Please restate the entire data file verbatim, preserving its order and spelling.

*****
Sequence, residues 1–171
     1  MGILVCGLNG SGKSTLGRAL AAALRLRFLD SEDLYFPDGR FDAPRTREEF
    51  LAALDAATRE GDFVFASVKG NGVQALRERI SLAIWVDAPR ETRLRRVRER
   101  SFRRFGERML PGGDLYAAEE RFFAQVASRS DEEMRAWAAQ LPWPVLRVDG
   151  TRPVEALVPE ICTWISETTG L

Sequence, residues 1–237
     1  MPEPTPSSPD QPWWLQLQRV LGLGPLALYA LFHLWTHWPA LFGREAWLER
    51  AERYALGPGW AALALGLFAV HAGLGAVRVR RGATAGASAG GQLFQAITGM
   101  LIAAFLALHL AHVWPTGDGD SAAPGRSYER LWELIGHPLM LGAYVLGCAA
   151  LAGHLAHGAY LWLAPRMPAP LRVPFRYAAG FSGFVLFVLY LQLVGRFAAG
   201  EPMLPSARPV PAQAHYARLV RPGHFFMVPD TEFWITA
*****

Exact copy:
Sequence, residues 1–171
     1  MGILVCGLNG SGKSTLGRAL AAALRLRFLD SEDLYFPDGR FDAPRTREEF
    51  LAALDAATRE GDFVFASVKG NGVQALRERI SLAIWVDAPR ETRLRRVRER
   101  SFRRFGERML PGGDLYAAEE RFFAQVASRS DEEMRAWAAQ LPWPVLRVDG
   151  TRPVEALVPE ICTWISETTG L

Sequence, residues 1–237
     1  MPEPTPSSPD QPWWLQLQRV LGLGPLALYA LFHLWTHWPA LFGREAWLER
    51  AERYALGPGW AALALGLFAV HAGLGAVRVR RGATAGASAG GQLFQAITGM
   101  LIAAFLALHL AHVWPTGDGD SAAPGRSYER LWELIGHPLM LGAYVLGCAA
   151  LAGHLAHGAY LWLAPRMPAP LRVPFRYAAG FSGFVLFVLY LQLVGRFAAG
   201  EPMLPSARPV PAQAHYARLV RPGHFFMVPD TEFWITA